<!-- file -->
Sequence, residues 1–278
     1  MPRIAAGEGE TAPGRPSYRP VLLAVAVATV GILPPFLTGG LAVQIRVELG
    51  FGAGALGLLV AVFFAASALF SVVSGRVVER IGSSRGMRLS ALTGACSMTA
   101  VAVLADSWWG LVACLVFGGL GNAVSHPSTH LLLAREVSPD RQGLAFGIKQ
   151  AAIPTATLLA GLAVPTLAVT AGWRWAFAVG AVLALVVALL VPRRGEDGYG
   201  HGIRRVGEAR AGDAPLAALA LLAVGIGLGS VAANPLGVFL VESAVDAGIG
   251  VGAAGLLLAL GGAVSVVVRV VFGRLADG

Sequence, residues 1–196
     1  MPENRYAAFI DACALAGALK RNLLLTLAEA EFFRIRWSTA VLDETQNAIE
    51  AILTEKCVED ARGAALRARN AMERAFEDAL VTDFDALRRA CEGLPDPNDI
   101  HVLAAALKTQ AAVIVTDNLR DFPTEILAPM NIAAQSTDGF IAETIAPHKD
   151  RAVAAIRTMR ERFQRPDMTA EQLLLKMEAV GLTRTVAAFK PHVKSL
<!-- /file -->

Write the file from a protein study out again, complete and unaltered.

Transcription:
Sequence, residues 1–278
     1  MPRIAAGEGE TAPGRPSYRP VLLAVAVATV GILPPFLTGG LAVQIRVELG
    51  FGAGALGLLV AVFFAASALF SVVSGRVVER IGSSRGMRLS ALTGACSMTA
   101  VAVLADSWWG LVACLVFGGL GNAVSHPSTH LLLAREVSPD RQGLAFGIKQ
   151  AAIPTATLLA GLAVPTLAVT AGWRWAFAVG AVLALVVALL VPRRGEDGYG
   201  HGIRRVGEAR AGDAPLAALA LLAVGIGLGS VAANPLGVFL VESAVDAGIG
   251  VGAAGLLLAL GGAVSVVVRV VFGRLADG

Sequence, residues 1–196
     1  MPENRYAAFI DACALAGALK RNLLLTLAEA EFFRIRWSTA VLDETQNAIE
    51  AILTEKCVED ARGAALRARN AMERAFEDAL VTDFDALRRA CEGLPDPNDI
   101  HVLAAALKTQ AAVIVTDNLR DFPTEILAPM NIAAQSTDGF IAETIAPHKD
   151  RAVAAIRTMR ERFQRPDMTA EQLLLKMEAV GLTRTVAAFK PHVKSL